Orla's birth at 42 weeks
Did you know that…
…if your baby hasn't arrived on his/her 'due date', an induction is generally proposed quite soon afterwards. It is important to remember that it is your decision but sadly, many women simply aren’t aware that they have a choice. Which of course is not to say that there are no circumstances where intervention isn’t necessary and life-saving, but many women are going into an induction not fully understanding the risks, benefits and their options. Here, Laura shares with us why she declined induction three times and went on to have a beautiful (and quick!) birth with her second child. This is one empowered woman you will want to hear from!
As a second time mum, it’s hard not to reflect on your first birth story, draw comparisons and reflect. My beautiful first born, Rupert, was born at 38.5 weeks and was one of the hardest personal experiences that I’ve ever gone through. He was born swiftly, after multiple induction processes, and I experienced a post-partum haemorrhage, followed by feelings of postnatal anxiety for many months afterwards. As you can imagine, going into my second pregnancy, I was cautious as to whether this would happen again. I wanted to get more information on why it had happened and on whether I could I have done anything to prevent it. I was also very aware of the fact that I didn’t want it to overshadow my second pregnancy or birth.
Understanding my first birth was key
I fell pregnant in December 2017 and we were delighted to find out in January 2018, that we were expecting our second child. Right from the beginning, I was ready to own my pregnancy and birth. I attended my six week check at the hospital with the lovely Liz from the Home Birth Team. Little did I know at that point that this amazing woman would be such a fundamental part of my birth experience for the next nine months. We completed all the checks and, knowing what was ahead, I felt positive and excited leaving.
During the course of my pregnancy, I wanted to understand more about my first experience and so it was suggested that I visit the most awesome midwife at East Surrey Hospital, Sian Dudgeon. I had met Sian a few times before at the Positive Birth Movement Redhill & Reigate. I visited her on a very hot June day after a visit to my consultant hadn’t gone so well. I was nominated a consultant because of my history whom I visited at 12 weeks and again at 20 weeks. Whilst the consultant was pleasant and incredibly experienced, it was her view that I should undertake a “medical induction” as opposed to a natural breaking of my waters in later pregnancy. We discussed what this meant, and it wasn’t entirely clear, but it was certainly heavily mooted that I should come in to be induced towards the end. Personally, I didn’t agree. I should caveat here that I conducted research myself and spoke to other medical professionals as to why this may not have been the necessary course.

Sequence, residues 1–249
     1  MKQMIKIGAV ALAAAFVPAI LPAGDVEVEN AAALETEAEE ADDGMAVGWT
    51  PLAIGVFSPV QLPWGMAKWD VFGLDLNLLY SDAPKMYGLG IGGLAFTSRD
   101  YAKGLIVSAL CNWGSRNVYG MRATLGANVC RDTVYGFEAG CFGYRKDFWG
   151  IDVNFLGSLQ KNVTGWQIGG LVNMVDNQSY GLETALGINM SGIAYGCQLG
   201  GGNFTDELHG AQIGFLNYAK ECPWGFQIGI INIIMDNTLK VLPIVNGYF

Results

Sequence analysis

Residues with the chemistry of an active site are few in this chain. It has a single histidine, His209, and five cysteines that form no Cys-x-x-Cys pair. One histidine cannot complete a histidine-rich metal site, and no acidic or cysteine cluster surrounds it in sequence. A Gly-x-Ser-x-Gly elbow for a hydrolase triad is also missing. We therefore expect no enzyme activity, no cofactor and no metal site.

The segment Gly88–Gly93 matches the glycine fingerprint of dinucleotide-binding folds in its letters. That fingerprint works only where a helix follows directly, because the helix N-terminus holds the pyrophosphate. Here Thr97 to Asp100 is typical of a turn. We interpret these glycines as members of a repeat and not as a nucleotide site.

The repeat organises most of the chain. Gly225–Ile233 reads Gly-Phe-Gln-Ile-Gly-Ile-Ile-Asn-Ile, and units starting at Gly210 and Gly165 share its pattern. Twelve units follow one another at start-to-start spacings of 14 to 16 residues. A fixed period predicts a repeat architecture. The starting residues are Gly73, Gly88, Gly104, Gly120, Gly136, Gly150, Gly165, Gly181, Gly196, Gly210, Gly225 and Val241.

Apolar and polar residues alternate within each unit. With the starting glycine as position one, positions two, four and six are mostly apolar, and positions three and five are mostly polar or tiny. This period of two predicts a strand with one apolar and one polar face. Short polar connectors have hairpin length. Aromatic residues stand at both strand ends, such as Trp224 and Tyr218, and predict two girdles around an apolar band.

Sian went through all of my paperwork from my previous birth and my pregnancy so far. She carefully explained what had most likely happened to cause the postpartum haemorrhage; a delayed second stage of labour after a prolonged induction. It all made sense and it was the first time anyone had explained but most importantly listened to what I needed and wanted. I was back on track.
We were lucky enough to sign up to Miriam’s Hypnobirthing classes with Parent Tribe and it was excellent - I can’t recommend it enough. Miriam and I had been friends for a few years and my husband was pretty sceptical around hypnobirthing and what it all meant. I tasked Miriam with “winning him over”. He attended her free taster session and he was definitely intrigued, by the end of the classes, he was won over entirely. We practiced our relaxation techniques, I listened to my music and spoken meditation and I absorbed as much positive birth information as I could. I attended the Positive Birth Movement meetings every month, met amazing women and heard amazing stories. I read Ina May Gaskin’s books and after some consideration, I signed up to the Home Birth Team at East Surrey Hospital at 29 weeks pregnant. From there on, I was in the safest hands I could have been in. I met with the Home Birth team midwives in the comfort of my own home every fortnight and every week towards the end. They always rang before they arrived, had a cuppa and spent time talking about my week and how I’d been feeling. My appointments never felt rushed. They reassured me along the way that I was doing a great job and my blood pressure remained steady and low for the entire pregnancy- this did not happen during my first pregnancy due to white coat syndrome. All in all, they were there for 45 minutes to an hour each time they came, and it was one of the most wonderful aspects about my pregnancy.
Due date and the inevitable pressure.
As for many women, the dreaded “due date” came and went on 29th September. We moved into October and I was determined not to clock watch, so I just enjoyed the final weeks of my pregnancy and time with my little boy. I won’t lie, there were days when I felt frustrated, wondering when I would meet my baby, but I trusted my body and my baby.